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Plant Highlight: Sedum dendroideum

February 2005

In botany, as in zoology, classifiers seek to erect genera (and families as well) which are monophyletic. This means that all members of the group descend from a common ancestor and are more closely related to each other than they are to members of other groups. However, discovering how things are related – and constructing a “family tree” to show this – has not always been easy. Recently, DNA evidence has emerged as a powerful new tool to help in sorting things out. As more work is done in the Crassulaceae (or stonecrop family, the group in which Sedum is placed), the genus Sedum is sure come under attack. It has long been the “garbage can” of the family, the place where new species are dumped when they don’t fit anywhere else. This has resulted in a large and unwieldy grouping which everyone realizes is not monophyletic. Once the true relationships are sorted out, multiple genera will inevitably have to be created to accommodate all the disparate plants now placed in Sedum.

Within the genus, our featured plant belongs to the group Pachysedum. This is a Mexican group which tends to have relatively large, conspicuously succulent leaves and woody stems. It seems likely that these plants are more closely related to the Echeverias and Graptopetalums than they are to other Sedum groups. As evidence of this, there are many hybrids between Pachysedum species and both Echeverias and Graptopetalums, and these are often seen in cultivation. Included in the group are some of the largest species in Sedum.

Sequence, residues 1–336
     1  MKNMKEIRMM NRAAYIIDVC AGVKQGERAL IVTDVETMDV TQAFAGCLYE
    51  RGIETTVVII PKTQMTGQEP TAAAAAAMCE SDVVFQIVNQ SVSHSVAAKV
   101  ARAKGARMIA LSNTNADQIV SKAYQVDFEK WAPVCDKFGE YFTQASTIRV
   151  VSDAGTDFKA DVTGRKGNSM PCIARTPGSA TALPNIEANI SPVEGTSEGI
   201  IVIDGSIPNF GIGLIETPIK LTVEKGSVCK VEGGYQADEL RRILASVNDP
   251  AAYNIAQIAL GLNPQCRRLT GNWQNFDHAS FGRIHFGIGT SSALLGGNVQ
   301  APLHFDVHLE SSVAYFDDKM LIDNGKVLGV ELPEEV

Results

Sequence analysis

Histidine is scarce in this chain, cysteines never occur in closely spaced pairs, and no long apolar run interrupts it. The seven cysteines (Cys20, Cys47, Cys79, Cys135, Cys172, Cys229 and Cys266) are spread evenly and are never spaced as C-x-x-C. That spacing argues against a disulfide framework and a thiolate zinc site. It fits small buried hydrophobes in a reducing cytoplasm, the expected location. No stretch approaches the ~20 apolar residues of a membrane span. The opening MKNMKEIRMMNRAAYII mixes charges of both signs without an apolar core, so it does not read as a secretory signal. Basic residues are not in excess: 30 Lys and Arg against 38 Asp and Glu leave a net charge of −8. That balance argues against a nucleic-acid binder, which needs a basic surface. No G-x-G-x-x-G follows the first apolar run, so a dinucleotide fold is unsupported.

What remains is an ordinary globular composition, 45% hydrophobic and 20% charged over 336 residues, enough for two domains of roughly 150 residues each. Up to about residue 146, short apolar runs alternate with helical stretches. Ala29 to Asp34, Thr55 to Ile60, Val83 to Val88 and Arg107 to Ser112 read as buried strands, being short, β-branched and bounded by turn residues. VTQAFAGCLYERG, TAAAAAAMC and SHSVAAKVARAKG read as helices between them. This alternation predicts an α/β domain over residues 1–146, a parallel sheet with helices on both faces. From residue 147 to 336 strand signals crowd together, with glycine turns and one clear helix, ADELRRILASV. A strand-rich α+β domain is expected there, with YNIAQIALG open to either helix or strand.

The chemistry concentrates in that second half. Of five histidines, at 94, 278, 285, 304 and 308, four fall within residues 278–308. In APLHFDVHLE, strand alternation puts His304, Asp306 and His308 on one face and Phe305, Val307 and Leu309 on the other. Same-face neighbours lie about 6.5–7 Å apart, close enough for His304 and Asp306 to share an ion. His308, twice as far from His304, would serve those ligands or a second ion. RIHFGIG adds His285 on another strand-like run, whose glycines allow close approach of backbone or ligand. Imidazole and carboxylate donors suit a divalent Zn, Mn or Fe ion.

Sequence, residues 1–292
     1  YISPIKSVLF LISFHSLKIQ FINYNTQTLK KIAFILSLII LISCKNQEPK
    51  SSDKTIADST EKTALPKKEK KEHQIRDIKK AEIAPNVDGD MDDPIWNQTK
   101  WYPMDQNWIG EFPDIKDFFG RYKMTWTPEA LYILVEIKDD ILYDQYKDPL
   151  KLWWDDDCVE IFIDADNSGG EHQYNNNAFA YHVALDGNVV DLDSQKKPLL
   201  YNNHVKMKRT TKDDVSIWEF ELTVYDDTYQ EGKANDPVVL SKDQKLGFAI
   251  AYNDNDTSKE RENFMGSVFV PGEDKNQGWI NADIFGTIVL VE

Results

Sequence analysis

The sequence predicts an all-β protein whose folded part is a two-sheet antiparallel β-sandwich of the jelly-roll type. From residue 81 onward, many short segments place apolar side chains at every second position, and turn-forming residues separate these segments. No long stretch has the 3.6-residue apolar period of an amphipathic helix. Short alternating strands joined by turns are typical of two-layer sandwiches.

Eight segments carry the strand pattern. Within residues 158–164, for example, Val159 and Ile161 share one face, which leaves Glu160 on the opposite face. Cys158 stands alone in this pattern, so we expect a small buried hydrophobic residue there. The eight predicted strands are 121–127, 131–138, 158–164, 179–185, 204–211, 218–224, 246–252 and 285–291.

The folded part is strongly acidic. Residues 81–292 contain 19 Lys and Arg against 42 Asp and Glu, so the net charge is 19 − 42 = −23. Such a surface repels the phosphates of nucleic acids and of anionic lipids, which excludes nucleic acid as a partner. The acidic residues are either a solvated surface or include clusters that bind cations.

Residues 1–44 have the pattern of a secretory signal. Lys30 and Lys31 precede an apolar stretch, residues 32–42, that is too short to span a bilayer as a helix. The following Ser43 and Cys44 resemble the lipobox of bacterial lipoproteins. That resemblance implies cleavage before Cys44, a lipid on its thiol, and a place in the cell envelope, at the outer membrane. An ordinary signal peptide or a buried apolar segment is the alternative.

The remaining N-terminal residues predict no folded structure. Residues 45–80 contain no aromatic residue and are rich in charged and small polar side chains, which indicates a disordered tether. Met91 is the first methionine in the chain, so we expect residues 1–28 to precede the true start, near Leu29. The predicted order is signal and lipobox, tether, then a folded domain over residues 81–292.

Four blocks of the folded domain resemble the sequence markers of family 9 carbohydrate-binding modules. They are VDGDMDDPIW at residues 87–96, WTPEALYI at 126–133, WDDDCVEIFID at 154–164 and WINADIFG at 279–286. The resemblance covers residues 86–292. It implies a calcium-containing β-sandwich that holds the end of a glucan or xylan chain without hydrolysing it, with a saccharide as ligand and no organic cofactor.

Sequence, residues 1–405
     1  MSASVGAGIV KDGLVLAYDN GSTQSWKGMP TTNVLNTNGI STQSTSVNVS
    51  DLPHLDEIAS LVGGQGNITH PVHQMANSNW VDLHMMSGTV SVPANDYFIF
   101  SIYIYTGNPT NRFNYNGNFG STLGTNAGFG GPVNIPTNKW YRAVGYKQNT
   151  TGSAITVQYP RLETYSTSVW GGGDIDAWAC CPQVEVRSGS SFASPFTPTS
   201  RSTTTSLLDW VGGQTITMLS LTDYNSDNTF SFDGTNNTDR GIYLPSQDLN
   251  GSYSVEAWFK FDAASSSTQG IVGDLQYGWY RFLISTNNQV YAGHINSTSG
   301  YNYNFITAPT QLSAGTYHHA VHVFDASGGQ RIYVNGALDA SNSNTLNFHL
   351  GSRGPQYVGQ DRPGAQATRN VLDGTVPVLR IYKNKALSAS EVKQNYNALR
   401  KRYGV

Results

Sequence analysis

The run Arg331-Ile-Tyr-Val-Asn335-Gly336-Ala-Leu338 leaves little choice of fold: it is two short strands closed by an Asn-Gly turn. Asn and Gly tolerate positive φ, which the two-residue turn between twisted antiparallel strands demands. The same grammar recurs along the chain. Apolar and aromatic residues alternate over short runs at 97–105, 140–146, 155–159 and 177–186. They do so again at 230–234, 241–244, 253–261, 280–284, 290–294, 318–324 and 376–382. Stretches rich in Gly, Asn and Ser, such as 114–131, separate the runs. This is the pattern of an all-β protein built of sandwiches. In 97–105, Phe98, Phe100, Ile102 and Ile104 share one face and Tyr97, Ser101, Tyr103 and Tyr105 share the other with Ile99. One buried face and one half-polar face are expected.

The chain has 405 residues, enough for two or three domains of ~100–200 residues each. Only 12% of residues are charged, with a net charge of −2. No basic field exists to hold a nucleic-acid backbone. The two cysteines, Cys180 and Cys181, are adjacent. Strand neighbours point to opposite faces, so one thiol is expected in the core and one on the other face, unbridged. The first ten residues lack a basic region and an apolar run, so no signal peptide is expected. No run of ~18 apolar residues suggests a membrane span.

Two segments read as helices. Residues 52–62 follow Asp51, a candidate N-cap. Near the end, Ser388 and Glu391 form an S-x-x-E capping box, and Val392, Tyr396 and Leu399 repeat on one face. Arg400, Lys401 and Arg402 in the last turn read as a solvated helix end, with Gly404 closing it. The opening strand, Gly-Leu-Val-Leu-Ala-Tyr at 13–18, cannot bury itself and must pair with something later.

S. dendroideum is closely related to the commonly-cultivated Sedum praealtum, sometimes treated as a subspecies (Sedum dendroideum ssp. praealtum) and sometimes considered a separate species. S. praealtum is quite common in California gardens, and has escaped and naturalized in some locations. The two species both have a shrubby habit of growth and bright-yellow flowers, but shrubs of S. praealtum are more sprawling and tangled while those of S. dendroideum tend to be more upright-growing and neater. There are also differences in the leaves, which tend to be somewhat pointier in S. praealtum and more blunt in S. dendroideum. A key distinction is the characteristic row of glands visible along the edges of the leaves in S. dendroideum. These redden in response to high levels of light, so that the plants typically show bright-red margins. Plants of S. praealtum may have some red at the leaf-tips as well, but not to the degree displayed by S. dendroideum.

The general appearance of a plant of Sedum dendroideum is somewhat similar to that of a jade tree (Crassula ovata), and casual observers sometimes mistakenly take it for this, but the jade tree develops a thicker trunk and has pink flowers. There are some forms of S. dendroideum which reach only a foot or 2 in height, but the form we have at RBG is larger than this, and has reached over 3 ft. (one meter) tall. One population has been reported in southern Mexico with plants up to 9 ft. high (nearly 3 meters). It is easy to grow, roots readily from cuttings, and makes a very attractive garden subject. Of course, it is especially showy when the flowers provide a burst of intense yellow.